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Digital Elevation Models for the Global Change Research Wetland

Submitted by ORNL DAAC Staff on
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DEM of the Global Change Research Wetland (GCReW) site.
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DEM of the Global Change Research Wetland (GCReW) site generated using the LEAN (LiDAR Elevation Correction with NDVI) method. LEAN uses ground measurements of elevation and NDVI in a multivariate linear regression model to estimate vertical bias.

The ORNL DAAC recently released this dataset from the Carbon Monitoring Systems (CMS) project by Holmquist, J.R. et al. (2021):

Digital Elevation Models for the Global Change Research Wetland, Maryland, USA, 2016

This dataset contains four high-resolution alternative digital elevation models (DEMs) and model performance metrics for the Global Change Research Wetland (GCReW) site on the Rhode River, a tributary of the Chesapeake Bay in Maryland, USA, for the year 2016.

Three DEMs were created using different strategies for correcting positive biases in Light Detection and Ranging (LiDAR)-based DEMs. Methods used included (1) applying a single average offset based on a literature review, (2) using the LiDAR Elevation Correction with NDVI (LEAN)-method, and (3) applying plant community-specific offsets using a local vegetation cover map. An Empirical Bayesian Kriging method which extrapolated between measured ground points generated the fourth DEM.  To calibrate the four approaches, the study surveyed the elevation of the entire marsh complex at 20 m x 20 m resolution to document the distribution of elevation relative to tidal datums from a single year.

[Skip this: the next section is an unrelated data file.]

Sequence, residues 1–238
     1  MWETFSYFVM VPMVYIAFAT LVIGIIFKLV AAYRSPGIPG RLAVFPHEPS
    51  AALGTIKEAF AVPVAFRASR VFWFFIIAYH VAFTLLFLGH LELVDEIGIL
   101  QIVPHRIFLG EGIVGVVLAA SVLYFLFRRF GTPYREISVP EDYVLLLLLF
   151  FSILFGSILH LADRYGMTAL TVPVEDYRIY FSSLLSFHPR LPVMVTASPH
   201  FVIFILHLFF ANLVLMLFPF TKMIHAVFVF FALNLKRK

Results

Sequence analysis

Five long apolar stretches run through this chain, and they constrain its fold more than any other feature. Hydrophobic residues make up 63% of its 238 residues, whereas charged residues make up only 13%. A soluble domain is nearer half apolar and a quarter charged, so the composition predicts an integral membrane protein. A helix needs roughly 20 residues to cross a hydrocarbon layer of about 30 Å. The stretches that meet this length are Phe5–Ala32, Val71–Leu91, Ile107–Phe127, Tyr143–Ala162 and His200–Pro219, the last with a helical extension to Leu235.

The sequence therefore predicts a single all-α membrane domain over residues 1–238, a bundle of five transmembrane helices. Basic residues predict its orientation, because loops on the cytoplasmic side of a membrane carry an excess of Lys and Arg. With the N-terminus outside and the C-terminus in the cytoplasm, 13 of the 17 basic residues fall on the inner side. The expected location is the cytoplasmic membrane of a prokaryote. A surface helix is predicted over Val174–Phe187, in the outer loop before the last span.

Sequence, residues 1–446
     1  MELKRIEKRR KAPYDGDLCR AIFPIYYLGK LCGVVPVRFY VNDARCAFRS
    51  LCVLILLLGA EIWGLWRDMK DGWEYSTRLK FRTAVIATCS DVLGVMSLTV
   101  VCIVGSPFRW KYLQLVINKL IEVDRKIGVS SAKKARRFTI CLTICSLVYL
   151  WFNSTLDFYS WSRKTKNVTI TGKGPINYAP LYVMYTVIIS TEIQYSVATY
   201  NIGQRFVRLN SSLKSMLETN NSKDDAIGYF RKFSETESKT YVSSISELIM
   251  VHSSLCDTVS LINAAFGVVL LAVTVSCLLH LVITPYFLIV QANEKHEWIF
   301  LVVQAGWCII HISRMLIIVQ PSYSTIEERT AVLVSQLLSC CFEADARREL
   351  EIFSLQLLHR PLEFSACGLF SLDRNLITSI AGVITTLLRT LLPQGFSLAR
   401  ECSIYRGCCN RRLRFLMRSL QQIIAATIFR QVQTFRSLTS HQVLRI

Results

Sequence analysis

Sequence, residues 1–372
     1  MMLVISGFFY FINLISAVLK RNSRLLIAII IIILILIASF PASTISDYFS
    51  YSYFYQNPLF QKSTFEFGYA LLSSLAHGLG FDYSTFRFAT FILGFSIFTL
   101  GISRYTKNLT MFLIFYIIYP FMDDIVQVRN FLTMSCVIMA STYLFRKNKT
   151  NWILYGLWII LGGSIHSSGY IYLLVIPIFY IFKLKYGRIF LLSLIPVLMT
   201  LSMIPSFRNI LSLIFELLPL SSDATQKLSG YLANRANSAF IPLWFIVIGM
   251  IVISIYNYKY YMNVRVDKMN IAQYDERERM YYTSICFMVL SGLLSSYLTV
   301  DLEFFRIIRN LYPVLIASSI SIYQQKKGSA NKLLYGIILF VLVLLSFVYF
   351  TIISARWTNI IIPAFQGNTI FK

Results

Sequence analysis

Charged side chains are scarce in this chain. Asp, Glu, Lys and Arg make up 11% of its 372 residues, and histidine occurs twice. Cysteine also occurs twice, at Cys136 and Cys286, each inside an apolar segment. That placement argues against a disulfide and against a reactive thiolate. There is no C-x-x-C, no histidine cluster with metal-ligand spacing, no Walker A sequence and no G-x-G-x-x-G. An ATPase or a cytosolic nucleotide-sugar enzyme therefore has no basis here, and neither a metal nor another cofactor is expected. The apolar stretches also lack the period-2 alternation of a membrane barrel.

The GCReW site is one of the most studied tidal wetlands in the world and is the source of many impactful insights on relationships among plant traits, microbial activity, and soil biogeochemical responses to global change factor interactions. 

The NASA CMS program is designed to make significant contributions in characterizing, quantifying, understanding, and predicting the evolution of global carbon sources and sinks through improved monitoring of carbon stocks and fluxes. The System uses NASA satellite observations and modeling/analysis capabilities to establish the accuracy, quantitative uncertainties, and utility of products for supporting national and international policy, regulatory, and management activities. CMS data products are designed to inform near-term policy development and planning.

Additional data from Carbon Monitoring System (CMS) project and other relevant links can be found on the ORNL DAAC's CMS Project Page.

Citation: Holmquist, J.R., J. Riera, J.P. Megonigal, L. Shile-Beers, K.J. Buffington, and D.E. Weller. 2021. Digital Elevation Models for the Global Change Research Wetland, Maryland, USA, 2016. ORNL DAAC, Oak Ridge, Tennessee, USA. https://doi.org/10.3334/ORNLDAAC/1793